Auto Why Your Next Car Should Be a Plug-In Hybrid

These types of vehicles have almost all the same benefits as an electric vehicle—and come without the dreaded “range anxiety.”

By Liane Yvkoff Illustration by Rebecca Zisser
PUBLISHED 01/17/2023 | 5 MINUTES

It seems each week another automaker rolls out a new line of battery-powered vehicles that eliminate the need for gasoline. But not everyone is ready—or can afford—to make the switch to all-electric drive. The good news: Plug-in hybrids (PHEV) are an often-overlooked option that can help drivers cut tailpipe emissions and trips to the gas station without drastically changing their commuting style. 

Plug-in hybrids are a cross between gas-electric hybrid cars (HEV) and full-battery electric vehicles (BEV). What makes them different from the average Prius is that in addition to an internal combustion engine (ICE), they’re equipped with a high-capacity lithium-ion battery—charged using a standard 110- or 240-volt outlet—that powers an electric motor. 

Most new PHEVs can travel between 18 and 42 miles using only stored electricity. When it runs out, the ICE kicks on, and the vehicle operates like a typical gas-powered hybrid.

It may sound complicated, but this dual-powertrain architecture is easy to use. In fact, it’s often marketed by auto manufacturers as a stepping-stone to help drivers get comfortable with the idea of plugging in rather than filling up. With a PHEV, drivers get the best of both worlds: a vehicle that can cover a large portion of daily driving needs using only electricity while also being powered by gasoline for longer trips or when charging infrastructure is scarce. In short, you get most of the fuel-saving benefits of an EV without ever experiencing “range anxiety”—the fear of running out of battery before getting to a charging station.

Buyers are catching on to the benefits of these alternative-fuel vehicles, especially as manufacturers make plug-in-able versions of their best-selling crossovers, such as the Ford Escape PHEV and the Toyota RAV4 Prime.

Despite supply chain woes that impacted the entire automotive industry, there were 183,172 new PHEV sales in 2022, which is an increase of 11.6% from 2021 and 183% more than what was sold in 2020, according to senior industry analyst Mike Austin at Guidehouse Insights.

If you’re in the market for a new car, here are even more reasons to put a PHEV on your shopping list:

  • Easy to operate. You don’t have to plug in every day—or ever. In fact, 8% of PHEV owners were “nonchargers,” according to survey results published in Environmental Research Letters, and instead operate their vehicle almost entirely as a hybrid, plugging in fewer than four times per month.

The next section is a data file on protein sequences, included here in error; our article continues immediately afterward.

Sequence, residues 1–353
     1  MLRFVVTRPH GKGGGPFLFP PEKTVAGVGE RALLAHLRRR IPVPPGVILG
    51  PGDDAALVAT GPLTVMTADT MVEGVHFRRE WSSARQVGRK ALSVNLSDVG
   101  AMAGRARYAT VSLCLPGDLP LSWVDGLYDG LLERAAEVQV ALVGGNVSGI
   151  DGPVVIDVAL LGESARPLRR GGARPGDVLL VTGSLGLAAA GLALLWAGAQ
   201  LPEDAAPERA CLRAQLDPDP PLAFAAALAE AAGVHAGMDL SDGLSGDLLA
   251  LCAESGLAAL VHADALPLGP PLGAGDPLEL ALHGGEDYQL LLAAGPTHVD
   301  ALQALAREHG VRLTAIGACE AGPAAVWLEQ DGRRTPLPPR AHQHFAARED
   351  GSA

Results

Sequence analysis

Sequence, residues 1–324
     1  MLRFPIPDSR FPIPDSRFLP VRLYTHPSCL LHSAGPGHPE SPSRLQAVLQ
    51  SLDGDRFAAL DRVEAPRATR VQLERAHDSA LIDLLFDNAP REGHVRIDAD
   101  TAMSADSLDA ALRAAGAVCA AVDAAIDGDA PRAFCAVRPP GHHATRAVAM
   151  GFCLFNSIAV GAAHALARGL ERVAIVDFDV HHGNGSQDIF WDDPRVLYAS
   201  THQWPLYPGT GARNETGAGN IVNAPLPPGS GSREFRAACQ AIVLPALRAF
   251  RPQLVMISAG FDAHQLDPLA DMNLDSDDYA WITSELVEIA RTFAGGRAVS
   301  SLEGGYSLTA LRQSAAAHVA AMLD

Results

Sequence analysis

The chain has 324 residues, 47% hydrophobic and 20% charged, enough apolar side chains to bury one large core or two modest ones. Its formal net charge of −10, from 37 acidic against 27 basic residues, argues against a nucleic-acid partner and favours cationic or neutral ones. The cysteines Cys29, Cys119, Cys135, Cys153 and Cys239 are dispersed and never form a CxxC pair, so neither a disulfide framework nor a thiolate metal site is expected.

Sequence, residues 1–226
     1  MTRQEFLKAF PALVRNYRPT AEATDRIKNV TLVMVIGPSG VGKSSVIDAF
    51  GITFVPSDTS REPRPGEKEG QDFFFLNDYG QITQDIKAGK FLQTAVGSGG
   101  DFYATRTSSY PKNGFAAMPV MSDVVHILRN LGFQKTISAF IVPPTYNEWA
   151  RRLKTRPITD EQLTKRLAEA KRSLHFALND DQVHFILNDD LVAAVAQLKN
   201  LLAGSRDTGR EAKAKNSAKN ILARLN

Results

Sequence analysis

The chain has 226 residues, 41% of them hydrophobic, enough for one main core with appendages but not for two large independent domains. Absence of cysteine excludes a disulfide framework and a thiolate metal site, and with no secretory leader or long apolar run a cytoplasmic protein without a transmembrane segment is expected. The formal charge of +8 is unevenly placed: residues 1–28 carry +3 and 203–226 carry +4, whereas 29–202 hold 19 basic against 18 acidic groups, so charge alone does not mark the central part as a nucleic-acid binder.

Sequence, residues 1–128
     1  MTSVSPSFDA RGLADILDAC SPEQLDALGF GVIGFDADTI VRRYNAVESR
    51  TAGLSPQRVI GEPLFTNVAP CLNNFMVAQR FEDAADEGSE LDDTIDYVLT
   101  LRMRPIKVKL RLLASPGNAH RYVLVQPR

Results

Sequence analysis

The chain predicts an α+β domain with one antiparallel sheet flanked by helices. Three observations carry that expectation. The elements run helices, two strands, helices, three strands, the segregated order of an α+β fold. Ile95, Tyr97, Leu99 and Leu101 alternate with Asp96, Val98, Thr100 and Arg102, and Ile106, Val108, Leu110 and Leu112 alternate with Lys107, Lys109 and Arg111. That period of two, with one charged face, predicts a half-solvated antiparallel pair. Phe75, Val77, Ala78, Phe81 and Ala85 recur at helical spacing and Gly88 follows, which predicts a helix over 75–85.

• Short charging times. Equipped with smaller batteries than fully electric cars, PHEVs take just a few hours instead of all day to reach full capacity using a 240-volt (Level 2) charging station. However, many PHEV owners rely on standard 110-volt outlets (Level 1) to recharge overnight. And if you forget to plug in, it’s no problem—the vehicle also runs on gasoline.
  • Lower gas bills. PHEVs are still hybrids and benefit from higher fuel economy compared to their gasoline-only equivalents and, as a result, use less gas. The U.S. government office of Energy Efficiency and Renewable Energy estimates that gasoline-powered vehicles produced in 2021 have annual fuel costs ranging from $1,050 to $4,900, compared to $600 to $2,400 for those that can also plug in.
  • Tax benefits. Even though they still use gasoline, many new PHEVs produced today qualify for an electric vehicle federal tax credit, which is awarded based on battery size and goes up to $7,500. The Inflation Reduction Act of 2022 changed several requirements for a vehicle to receive a federal tax credit change, and is now awarded based on battery size, vehicle MSRP maximums, and domestic manufacturing and assembly incentives, and goes up to $7,500 for buyers who make less than the newly established income caps. These alternative-energy cars and SUVs may also benefit from state and utility incentive programs that promote EV adoption and make the technology more affordable for buyers. 
  • Less expensive to maintain. Consumer Reports estimates that owners of plug-in hybrids spend $4,600 less in maintenance costs over the lifetime of their vehicle compared to ICE-equipped counterparts, which is the same savings all-electric vehicle owners enjoy. Because they operate up to 75% of the time using only the components of the electric powertrain, the engine, transmission and ancillary parts experience less wear and last longer.  

PHEV Curious? 

These models will cost you less than $40,000 after the federal tax credit.

2023 Ford Escape PHEV

Electric range: 37 miles

MSRP: $38,500 (plus $1,495 destination fee)

Federal tax credit: $6,843

2023 Toyota RAV4 Prime

Electric range: 42 miles

MSRP: $42,340

Federal tax credit: No longer qualifies

2023 Kia Niro PHEV

Electric range: 33 miles

MSRP: : $33,840 (plus $1,325 destination fee)

Federal tax credit: No longer qualifies

2023 Subaru Crosstrek Hybrid

Electric range: 17 miles

MSRP: $36,845 (plus $1,225 destination fee)

Federal tax credit: No longer qualifies

Liane Yvkoff is an automotive technology and lifestyle writer covering alternative powertrains, transportation startups and more. Her work has appeared in print and online publications like Popular Mechanics and

Millie content is licensed from Dotdash Meredith, publisher of Millie, Real Simple, InStyle, Investopedia, The Balance and more.


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